Angry locals stage protests in Dorset as the BB Stockholm barge carrying 500 male asylum seekers is set to arrive in port at the popular seaside resort today.
A crowd of angry local protesters was seen at the Port of Portland this morning
A huge floating barge to house hundreds of male asylum seekers reached its final destination off the Dorset coast this morning, with angry locals rallying to oppose the move.
BB Stockholm is a huge ship capable of housing up to 500 migrants.
It set sail yesterday from Falmouth in Cornwall to its final destination of Portland. But the move has sparked protests from locals who fear the impact the newcomers will have on the city’s communities.
A crowd was seen outside Portland Port near Weymouth this morning holding signs saying ‘Know the Barge’, ‘Portland Port Betrayed Portland’ and ‘Portland Betrayed’ as they waited for the ship to arrive.
Local politicians slammed the plans as ‘cruel and unusual’ and added that the community did not have the right infrastructure to accommodate more people in the area.
BB Stockholm (pictured arriving in Dorset this morning) is a huge migrant barge capable of housing up to 500 migrants.
A crowd was seen outside Portland harbor near Weymouth this morning holding signs reading ‘Know the Barge’, ‘Portland Betrayed Port Portland’ and ‘Portland Betrayed’ as they waited for the ship to arrive.
Protesters outside Portland Port near Weymouth in Dorset this morning
The barge was put into Falmouth for a refit to upgrade her accommodation after a month’s delay due to a marine inspection. Bad weather also added to the delay.
The Illegal Migration Bill, the centerpiece of the Prime Minister’s plan to ‘stop boats’ crossing the English Channel, is set to become law after the House of Lords voted last night.
The bill is part of a package of measures designed to stop migrants from crossing the Channel, making it clear that if people enter the UK irregularly, they cannot stay and face deportation to their home country or to another country. Third countries such as Rwanda.
The deal to send migrants on one-way trips to Rwanda is mired in legal complications and will end up in the Supreme Court. It was declared illegal by appeal court judges last month.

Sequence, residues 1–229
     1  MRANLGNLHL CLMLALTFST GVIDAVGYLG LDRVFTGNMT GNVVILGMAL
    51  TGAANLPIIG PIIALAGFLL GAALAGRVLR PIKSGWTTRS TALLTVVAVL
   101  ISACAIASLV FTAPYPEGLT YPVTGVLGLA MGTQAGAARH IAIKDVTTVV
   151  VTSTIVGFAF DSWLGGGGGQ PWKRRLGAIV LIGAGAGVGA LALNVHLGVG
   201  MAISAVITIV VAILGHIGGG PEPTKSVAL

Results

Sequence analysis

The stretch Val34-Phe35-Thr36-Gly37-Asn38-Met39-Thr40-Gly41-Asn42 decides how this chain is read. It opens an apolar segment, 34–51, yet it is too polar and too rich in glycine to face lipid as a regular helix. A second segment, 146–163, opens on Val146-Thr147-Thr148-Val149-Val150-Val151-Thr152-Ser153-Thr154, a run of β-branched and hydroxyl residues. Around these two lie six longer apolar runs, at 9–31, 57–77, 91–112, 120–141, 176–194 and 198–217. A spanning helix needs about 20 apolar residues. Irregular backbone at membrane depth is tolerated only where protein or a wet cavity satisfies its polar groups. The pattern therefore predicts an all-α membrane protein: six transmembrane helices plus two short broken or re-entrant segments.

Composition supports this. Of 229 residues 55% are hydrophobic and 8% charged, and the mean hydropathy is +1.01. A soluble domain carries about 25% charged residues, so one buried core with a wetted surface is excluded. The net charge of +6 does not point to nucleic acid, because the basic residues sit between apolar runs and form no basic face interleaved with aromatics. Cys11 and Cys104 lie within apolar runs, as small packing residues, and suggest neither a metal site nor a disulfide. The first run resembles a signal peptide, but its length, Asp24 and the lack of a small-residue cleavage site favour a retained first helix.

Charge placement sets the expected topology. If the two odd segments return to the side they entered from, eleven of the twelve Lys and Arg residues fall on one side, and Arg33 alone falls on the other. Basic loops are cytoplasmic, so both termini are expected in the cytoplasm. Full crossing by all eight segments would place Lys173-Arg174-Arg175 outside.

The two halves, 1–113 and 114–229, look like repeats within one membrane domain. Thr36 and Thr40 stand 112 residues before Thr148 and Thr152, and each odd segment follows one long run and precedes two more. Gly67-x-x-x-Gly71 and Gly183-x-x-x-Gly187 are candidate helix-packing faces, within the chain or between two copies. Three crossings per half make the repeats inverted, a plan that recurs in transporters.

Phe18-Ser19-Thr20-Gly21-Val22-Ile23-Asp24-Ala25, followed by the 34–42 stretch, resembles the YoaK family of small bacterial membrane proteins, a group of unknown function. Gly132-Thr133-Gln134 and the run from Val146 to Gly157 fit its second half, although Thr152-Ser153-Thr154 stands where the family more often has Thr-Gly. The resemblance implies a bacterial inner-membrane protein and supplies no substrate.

With a backlog of asylum cases in the UK, the government is looking to reduce the cost of hotel bills by using alternative accommodation, including BB Stockholm and former military bases.
Councils and campaigners have been given the green light to bring a High Court challenge against housing migrants at disused airfields.
Braintree District Council and nearby residents are bringing legal action to challenge the use of Wethersfield in Essex to house 1,700 men while West Lindsay District Council is challenging similar plans for RAF Scampton in Lincolnshire.
Dozens of asylum seekers have already been relocated to Wethersfield. The first migrants are expected to board BB Stockholm later this month. But the ship’s arrival angered locals, who protested plans to dock it in Portland.
Two protest groups – No to the Barge and Stand Up to Racism – have voiced their objections to the barge being blocked, along with residents in Portland as well as MPs for Dorset South, Dorset Council and NHS Dorset.
Chief among their concerns is the impact the sudden introduction of 500 people will have on the local community.
Locals fear already overstretched services, including GP surgeries, will not be able to cope with the influx.
Many expressed concerns about an increase in crime and anti-social behaviour, risks to their personal safety and the impact on tourism.
But Downing Street yesterday defended the use of accommodation barges for migrants, insisting it was a cheaper alternative to their hotel accommodation.
Asked if Rishi Sunak had a message for the public at Portland Port, the prime minister’s official spokesman told reporters: ‘I think it’s right for the public that we get out of a situation where taxpayers’ money is going to £6m a day. Towards accommodation of these persons in hotels.
‘It’s not a good use of money and obviously it also puts unintended pressure on local areas.
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